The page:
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Test Chamber Design for Remotely Deployed Migratory Tracking Tags Used on Large Whales

[+] Author Affiliations
Michael P. Summers, Peter J. Oliver, John P. Parmigiani

Oregon State University, Corvallis, OR

Paper No. SBC2013-14847, pp. V01AT20A035; 2 pages
  • ASME 2013 Summer Bioengineering Conference
  • Volume 1A: Abdominal Aortic Aneurysms; Active and Reactive Soft Matter; Atherosclerosis; BioFluid Mechanics; Education; Biotransport Phenomena; Bone, Joint and Spine Mechanics; Brain Injury; Cardiac Mechanics; Cardiovascular Devices, Fluids and Imaging; Cartilage and Disc Mechanics; Cell and Tissue Engineering; Cerebral Aneurysms; Computational Biofluid Dynamics; Device Design, Human Dynamics, and Rehabilitation; Drug Delivery and Disease Treatment; Engineered Cellular Environments
  • Sunriver, Oregon, USA, June 26–29, 2013
  • Conference Sponsors: Bioengineering Division
  • ISBN: 978-0-7918-5560-7
  • Copyright © 2013 by ASME


Knowing the location of whales as they migrate, eat, and breed is of significant interest to those concerned with the conservation of endangered whale species. This information can be used to adjust human activities, such as naval traffic, commercial fishing, and the exploration for oil and gas, to manage the recovery of these species. When tracking large whales over long distances and periods of time, satellite-monitored radio tags are used to communicate where the whales are located. These tags are remotely deployed as either dorsal body tags or dorsal fin tags. A dorsal body tag, is a radio transmitter that anchors subdermally in a region near the dorsal fin so that it can transmit whenever the whale surfaces. Dorsal fin tags are a similar form of radio transmitter that anchors directly to the dorsal fin. Tag trials on stranded whale carcasses are commonly used to test both dorsal body tag and dorsal fin tag designs [1,2]. However, there is a need to develop a more readily available testing method for dorsal body tags.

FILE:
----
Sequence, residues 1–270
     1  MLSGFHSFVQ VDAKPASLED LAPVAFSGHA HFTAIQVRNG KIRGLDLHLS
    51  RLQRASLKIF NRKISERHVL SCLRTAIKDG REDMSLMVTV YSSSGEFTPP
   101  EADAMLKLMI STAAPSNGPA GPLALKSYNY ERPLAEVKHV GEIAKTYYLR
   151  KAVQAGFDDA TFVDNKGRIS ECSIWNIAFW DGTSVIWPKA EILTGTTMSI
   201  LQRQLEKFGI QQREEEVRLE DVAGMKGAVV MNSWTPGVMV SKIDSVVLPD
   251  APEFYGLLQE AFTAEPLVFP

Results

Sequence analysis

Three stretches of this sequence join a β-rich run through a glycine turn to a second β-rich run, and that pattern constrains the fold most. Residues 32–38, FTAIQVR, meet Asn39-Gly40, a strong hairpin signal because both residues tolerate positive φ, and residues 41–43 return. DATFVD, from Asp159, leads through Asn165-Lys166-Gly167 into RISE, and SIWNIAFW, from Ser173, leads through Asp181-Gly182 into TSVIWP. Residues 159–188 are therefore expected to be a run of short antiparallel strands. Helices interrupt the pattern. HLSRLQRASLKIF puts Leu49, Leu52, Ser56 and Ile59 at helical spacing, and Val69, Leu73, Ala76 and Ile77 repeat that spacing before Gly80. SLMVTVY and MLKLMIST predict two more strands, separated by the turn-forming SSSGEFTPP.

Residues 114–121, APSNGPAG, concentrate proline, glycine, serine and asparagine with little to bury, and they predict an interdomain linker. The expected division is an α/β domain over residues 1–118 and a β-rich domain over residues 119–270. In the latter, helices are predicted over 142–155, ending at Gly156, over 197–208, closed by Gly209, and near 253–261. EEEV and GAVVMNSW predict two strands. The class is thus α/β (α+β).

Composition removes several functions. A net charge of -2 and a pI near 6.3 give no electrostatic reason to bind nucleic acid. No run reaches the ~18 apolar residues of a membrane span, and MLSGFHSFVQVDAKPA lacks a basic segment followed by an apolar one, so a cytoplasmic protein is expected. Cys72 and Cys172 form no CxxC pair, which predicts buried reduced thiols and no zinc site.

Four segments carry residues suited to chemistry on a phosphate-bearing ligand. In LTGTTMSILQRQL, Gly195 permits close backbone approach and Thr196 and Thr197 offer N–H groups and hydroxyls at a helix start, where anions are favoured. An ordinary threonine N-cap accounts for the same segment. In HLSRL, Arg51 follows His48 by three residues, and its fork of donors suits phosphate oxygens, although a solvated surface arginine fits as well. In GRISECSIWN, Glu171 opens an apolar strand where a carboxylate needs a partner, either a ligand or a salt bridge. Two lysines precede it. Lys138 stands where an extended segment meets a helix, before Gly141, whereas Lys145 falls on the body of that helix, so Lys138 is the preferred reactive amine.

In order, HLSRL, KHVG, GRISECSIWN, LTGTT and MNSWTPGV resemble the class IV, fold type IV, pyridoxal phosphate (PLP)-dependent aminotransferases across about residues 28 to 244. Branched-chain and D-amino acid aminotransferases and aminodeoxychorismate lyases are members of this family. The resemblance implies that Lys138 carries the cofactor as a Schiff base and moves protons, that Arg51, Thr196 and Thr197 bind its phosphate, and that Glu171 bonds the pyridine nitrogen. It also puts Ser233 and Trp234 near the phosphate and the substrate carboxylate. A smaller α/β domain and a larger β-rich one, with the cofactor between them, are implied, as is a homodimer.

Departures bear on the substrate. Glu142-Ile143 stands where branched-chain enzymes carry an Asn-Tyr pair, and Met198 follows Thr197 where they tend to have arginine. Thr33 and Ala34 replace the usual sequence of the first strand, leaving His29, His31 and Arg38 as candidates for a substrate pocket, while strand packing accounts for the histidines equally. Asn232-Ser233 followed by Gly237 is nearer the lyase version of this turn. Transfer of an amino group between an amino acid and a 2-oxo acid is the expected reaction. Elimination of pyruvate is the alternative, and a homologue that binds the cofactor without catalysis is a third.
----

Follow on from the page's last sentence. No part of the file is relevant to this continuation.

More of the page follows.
Copyright © 2013 by ASME



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